Multiple cities announced curfews to prevent residents from protesting the murder of George Floyd and systemic police brutality, including New York (NYT), Ferguson, Mo. (St. Louis Fox 2 Now) and particularly stringent 6 p.m. curfews in Los Angeles (LA Times) and Seattle (Seattle Times).
And President Trump basically said he’d use the U.S. military against his domestic enemies. (NYT)
NYC’s curfew will allow essential workers access to the streets in their cars, but the city is cutting off access to micro mobility services like Citi Bike and Revel scooters. (Streetsblog NYC)
A 7 p.m. curfew in Washington, D.C. will limit access to polling places, which close at 8 p.m on Tuesday. (Slate)
Vehicle-ramming attacks are becoming disturbingly common at protests, and both the police (Streetsblog NYC) and civilian counter-protestors (Vox) are behind the wheel.
No one should have to find out what being hit with a rubber bullet feels like, but this black photo journalist who was assaulted by the Los Angeles Police offered a detailed description (The Cut). Another photo journalist lost her vision in one eye to a rubber bullet shot by a police officer in Minneapolis (Daily Mail). And an Indiana journalist lost an eye completely when an officer assaulted him with a tear gas canister. (The Hill)
Dozens of cities from Minneapolis to Miami enacted full or partial public transportation shut-downs over the weekend in response to protests, leaving vulnerable workers stranded and cutting off access to protest spaces. (Trains,Streetsblog Chicago)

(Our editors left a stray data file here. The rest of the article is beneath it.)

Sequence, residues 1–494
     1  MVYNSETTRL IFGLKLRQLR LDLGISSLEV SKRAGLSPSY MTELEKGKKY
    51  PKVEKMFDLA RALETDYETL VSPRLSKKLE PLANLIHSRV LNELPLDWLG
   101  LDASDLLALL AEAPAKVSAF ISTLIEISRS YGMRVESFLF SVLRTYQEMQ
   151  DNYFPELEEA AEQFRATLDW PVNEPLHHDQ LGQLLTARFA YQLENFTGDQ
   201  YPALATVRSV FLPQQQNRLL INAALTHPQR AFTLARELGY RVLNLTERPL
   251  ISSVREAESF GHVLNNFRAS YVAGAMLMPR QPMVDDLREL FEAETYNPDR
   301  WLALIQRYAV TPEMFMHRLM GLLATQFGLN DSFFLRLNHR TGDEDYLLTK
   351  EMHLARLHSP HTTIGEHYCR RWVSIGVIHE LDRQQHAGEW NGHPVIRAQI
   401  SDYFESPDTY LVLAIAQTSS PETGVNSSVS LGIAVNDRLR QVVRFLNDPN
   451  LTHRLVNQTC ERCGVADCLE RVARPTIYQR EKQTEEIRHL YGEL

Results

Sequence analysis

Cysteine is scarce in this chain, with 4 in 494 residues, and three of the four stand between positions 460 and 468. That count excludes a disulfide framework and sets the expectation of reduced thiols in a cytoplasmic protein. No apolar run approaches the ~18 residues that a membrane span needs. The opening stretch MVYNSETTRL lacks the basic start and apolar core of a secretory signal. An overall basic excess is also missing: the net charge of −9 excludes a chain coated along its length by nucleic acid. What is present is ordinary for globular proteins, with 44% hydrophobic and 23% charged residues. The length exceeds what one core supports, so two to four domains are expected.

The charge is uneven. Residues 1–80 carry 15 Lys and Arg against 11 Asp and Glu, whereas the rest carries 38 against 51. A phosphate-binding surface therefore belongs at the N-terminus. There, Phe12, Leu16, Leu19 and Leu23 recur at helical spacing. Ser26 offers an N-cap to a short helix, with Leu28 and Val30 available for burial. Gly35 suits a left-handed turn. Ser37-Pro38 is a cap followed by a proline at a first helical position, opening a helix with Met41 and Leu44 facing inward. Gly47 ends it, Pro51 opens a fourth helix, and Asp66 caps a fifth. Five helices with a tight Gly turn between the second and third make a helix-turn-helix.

A group of medical professionals authored an open letter advocating for an anti-racist public health response to protests during the COVID-19 pandemic, including specific recommendations for keeping protestors safe from virus transmission through modifications to public space and the policies that govern it. (NPR)
The murder of George Floyd is prompting some long-overdue soul-searching among white planners about how their profession contributes to structural racism, and Planetizen has a good roundup of resources that mostly center people of color. (Planetizen)
The Federal Transit Administration announced the recipients of its annual Capital Investment Grants program, including major rail and bus rapid transit expansions for Los Angeles, Phoenix, Lake County, Ind. and more. (Metro Magazine)
Some are predicting that a surge in telework will lead to a surge in neighborhood corner stores that will help make walkable life possible for more Americans. Fingers crossed. (Treehugger)
Remember Trump’s promise to make drive-through coronavirus testing available at every Target and Walgreens in America? Yeah, that didn’t really work out — and it wouldn’t have helped non-drivers much anyway. (NPR)
Remember all those predictions that COVID-19 would lead to a mass exodus from the cities to the suburbs? Yeah, not so much on that, either. (CNBC)
Here’s a common-sense explanation in under three minutes for why a plunge in transportation emissions hasn’t cut overall carbon emissions as much as you’d think. (Digg)
Transit ridership decreased in almost every major American city last year. But there were two notable exceptions -- Seattle and Houston. Those two outliers share one thing in common: In addition to expanding light rail, they're both redesigning their bus networks.
Salt Lake City is on track to implement America’s first protected intersection for bicycling this summer. The intersection design is based on a Dutch template that minimizes potential conflicts between people biking, driving, and walking. For example, it allows cyclists to make a left turn in two stages without crossing against oncoming car traffic. It will be part of […]